All that you say may be true – regarding the law requiring a Passport at check in – but I can tell you that almost all hotels and ryokan request that one be provided. Even when tell them that I am a permanent residence, some – not all – have refused to allow me to stay without providing my identity card which I almost always refuse to allow them to copy. I often have to demand that they follow the law and, as a result, check in is sometimes a lengthy process.
      Only the management in ryokans, hotels, and business hotels are up on the law and do follow it. The staff rarely know the law and just follow their training: gaijin – get passport mentality.
      It sounds as if you have been in Japan a while, so you surely know that the law in Japan means little when you are on the line.
      AirBnB is going to have a tough time especially if it begins to catch on, and if allowed to continue, will be a niche business for the most part.

  • P. A. Koroluk

    “Establishments offering lodging such as ryokan, minshuku (guesthouses) and hotels should get a copy of a passport or proof of permanent residence from all foreign guests.”

    There
    is no legal requirement for hotels to obtain documentation from anyone
    who resides in Japan, regardless of nationality, and, while it does not apply to non-registered properties, refusing to
    accommodate a guest based on a race or nationality (or almost any reason) is a clear
    violation of Japan’s Ryokan Law. Japanese law does require hotels to retain a copy of passports for guests who do not live in Japan and hotels may establish a neutral policy of requesting photo ID from all guests, but they may not have a policy which discriminates among guests who live in Japan.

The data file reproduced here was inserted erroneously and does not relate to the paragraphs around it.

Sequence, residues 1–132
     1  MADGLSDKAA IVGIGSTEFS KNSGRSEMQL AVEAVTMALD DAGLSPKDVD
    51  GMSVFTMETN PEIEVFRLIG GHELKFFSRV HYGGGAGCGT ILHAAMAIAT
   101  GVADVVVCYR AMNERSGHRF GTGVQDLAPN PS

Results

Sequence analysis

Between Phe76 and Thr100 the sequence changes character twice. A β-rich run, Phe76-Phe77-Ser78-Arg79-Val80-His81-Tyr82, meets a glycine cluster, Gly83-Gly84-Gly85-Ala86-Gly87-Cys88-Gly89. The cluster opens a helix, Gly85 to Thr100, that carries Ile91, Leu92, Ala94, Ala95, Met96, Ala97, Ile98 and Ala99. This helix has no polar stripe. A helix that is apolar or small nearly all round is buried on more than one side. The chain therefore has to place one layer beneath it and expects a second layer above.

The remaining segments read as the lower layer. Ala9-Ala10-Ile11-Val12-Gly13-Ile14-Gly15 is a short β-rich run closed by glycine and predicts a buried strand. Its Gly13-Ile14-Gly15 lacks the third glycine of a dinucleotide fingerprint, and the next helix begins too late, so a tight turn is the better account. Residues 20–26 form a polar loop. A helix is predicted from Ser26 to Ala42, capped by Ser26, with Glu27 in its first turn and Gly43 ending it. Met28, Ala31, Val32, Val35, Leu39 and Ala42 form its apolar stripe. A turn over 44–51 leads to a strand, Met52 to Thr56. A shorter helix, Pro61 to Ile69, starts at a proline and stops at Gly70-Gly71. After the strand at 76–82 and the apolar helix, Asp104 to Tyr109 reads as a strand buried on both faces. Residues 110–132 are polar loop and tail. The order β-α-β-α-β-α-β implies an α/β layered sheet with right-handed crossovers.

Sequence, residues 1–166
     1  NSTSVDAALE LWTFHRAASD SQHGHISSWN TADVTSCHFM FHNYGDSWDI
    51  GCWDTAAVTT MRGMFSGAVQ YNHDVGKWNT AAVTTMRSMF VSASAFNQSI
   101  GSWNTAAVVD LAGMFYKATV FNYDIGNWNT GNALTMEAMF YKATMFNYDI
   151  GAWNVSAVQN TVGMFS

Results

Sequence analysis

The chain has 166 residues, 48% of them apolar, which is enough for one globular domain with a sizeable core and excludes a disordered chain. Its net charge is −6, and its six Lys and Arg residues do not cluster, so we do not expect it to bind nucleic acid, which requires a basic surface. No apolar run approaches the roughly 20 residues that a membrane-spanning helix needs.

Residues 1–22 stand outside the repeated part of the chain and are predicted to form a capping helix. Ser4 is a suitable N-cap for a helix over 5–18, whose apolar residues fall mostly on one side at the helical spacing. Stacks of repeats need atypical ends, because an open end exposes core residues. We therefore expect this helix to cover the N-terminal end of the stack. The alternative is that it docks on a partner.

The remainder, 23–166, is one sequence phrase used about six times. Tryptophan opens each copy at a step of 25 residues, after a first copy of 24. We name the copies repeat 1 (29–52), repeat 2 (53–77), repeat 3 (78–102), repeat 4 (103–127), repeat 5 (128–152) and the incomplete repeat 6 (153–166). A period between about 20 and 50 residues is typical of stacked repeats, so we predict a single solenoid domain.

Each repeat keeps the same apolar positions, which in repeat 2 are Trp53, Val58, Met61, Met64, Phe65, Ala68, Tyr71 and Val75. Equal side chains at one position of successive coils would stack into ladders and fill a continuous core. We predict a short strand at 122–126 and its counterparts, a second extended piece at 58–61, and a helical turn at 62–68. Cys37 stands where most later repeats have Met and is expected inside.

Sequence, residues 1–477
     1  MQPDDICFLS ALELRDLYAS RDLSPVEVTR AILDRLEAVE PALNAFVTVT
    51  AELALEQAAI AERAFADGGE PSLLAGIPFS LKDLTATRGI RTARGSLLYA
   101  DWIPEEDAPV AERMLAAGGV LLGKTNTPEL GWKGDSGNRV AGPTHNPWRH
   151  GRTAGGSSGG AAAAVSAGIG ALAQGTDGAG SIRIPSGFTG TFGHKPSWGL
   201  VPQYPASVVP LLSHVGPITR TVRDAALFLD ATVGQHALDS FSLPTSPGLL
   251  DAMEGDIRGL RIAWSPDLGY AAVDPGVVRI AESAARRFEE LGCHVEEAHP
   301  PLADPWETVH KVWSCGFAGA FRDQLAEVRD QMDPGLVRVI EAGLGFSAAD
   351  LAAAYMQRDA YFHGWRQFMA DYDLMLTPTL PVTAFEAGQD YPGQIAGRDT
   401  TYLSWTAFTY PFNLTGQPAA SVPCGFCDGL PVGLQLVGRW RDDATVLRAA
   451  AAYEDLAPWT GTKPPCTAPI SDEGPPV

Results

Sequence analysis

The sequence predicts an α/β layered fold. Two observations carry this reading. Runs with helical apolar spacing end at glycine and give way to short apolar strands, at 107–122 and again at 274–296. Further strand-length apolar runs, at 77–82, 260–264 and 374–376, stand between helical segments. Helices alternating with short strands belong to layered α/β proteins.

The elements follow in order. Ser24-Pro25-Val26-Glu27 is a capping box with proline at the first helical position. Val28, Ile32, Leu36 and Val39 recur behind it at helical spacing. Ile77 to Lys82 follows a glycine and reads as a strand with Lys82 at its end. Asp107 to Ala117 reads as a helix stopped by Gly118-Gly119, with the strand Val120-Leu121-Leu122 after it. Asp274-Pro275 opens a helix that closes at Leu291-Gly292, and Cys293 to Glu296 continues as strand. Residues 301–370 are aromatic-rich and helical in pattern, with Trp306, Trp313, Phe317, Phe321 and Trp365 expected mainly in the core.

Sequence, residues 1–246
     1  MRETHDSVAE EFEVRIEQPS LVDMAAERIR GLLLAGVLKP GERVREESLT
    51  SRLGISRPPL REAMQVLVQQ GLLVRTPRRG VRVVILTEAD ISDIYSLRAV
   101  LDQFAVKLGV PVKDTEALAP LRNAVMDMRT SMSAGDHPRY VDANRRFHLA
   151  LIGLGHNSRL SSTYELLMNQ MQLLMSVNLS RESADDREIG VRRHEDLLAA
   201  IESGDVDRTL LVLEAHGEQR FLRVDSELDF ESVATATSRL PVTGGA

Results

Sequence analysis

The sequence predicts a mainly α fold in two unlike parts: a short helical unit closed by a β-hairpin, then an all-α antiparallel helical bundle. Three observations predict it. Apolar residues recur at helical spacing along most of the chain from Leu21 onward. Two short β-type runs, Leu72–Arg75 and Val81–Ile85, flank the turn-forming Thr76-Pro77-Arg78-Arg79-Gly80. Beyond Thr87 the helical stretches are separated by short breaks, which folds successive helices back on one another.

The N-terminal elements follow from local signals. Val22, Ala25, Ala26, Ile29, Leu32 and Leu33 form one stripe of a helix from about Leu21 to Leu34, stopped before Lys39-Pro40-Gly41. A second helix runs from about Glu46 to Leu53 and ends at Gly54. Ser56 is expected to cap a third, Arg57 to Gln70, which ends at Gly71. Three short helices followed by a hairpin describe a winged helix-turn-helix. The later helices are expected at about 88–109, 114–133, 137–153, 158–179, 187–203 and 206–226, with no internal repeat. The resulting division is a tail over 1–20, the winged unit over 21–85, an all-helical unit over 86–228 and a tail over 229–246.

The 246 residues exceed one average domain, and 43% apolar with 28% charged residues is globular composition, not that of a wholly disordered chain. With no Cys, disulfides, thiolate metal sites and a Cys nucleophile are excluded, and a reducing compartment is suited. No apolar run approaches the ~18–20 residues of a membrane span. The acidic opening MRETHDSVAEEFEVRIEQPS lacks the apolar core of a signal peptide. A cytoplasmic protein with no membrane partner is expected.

The protection provided by the Ryokan Law is one of the few areas where Japan provides clear legal protection against racial discrimination.

  • woodynatural

    The sharing economy is not a golden goose, it’s a money making machine for a very small minority dumping the risks and costs on the big majority, what a crap that people believe all that stupid silicon valley and wall street spin…

    • Charles

      In some cases yes, in some cases no. I haven’t tried Airbnb yet (as a foreigner, I am worried about getting in trouble for trying to do something outside the scope of my visa), but I used to sell lots of stuff on eBay when I was 17 years old (a credit card was required to register, and I managed to convince my parents to let me use theirs). I actually made good money off of it. I once bought a Vectrex video game system at a yard sale for $1 that I sold for over $60 and once found a package of physics transparencies that someone had thrown away on a college campus which I sold for over $100. These were only a few of the many times when I made real money on eBay.

      However, these things can also be a race to the bottom. Whenever I try to sell my textbooks, which may have cost $100 or more, or eBay, I always get insultingly low amounts for them because every other college student had the same idea. The same thing happens when I bid for jobs on Get a Freelancer–being underbid by guys in India or Pakistan who think $2 an hour is good money, who apparently don’t have to pay first world costs of living.

      It’s capitalism. Fewer regulations, fewer guilds, less protectionism. Some people benefit from it, and some people don’t benefit from it. The liberals always say things like “Oh, gee, this is great for the Top 1%,” but you know, when I was 17 years old and making good money on eBay with stuff I got at yard sales and so forth, I don’t think I was in the Top 1%, but I was certainly benefitting.

      • zer0_0zor0

        The airbnb sharing economy is not comparable to selling things on ebay.

        The sharing economy is about the services sector and so-called business models.

      • GBR48

        I think ebay, uber and AirBnB are comparable. It’s all about making cash out of spare things, spare space and spare time.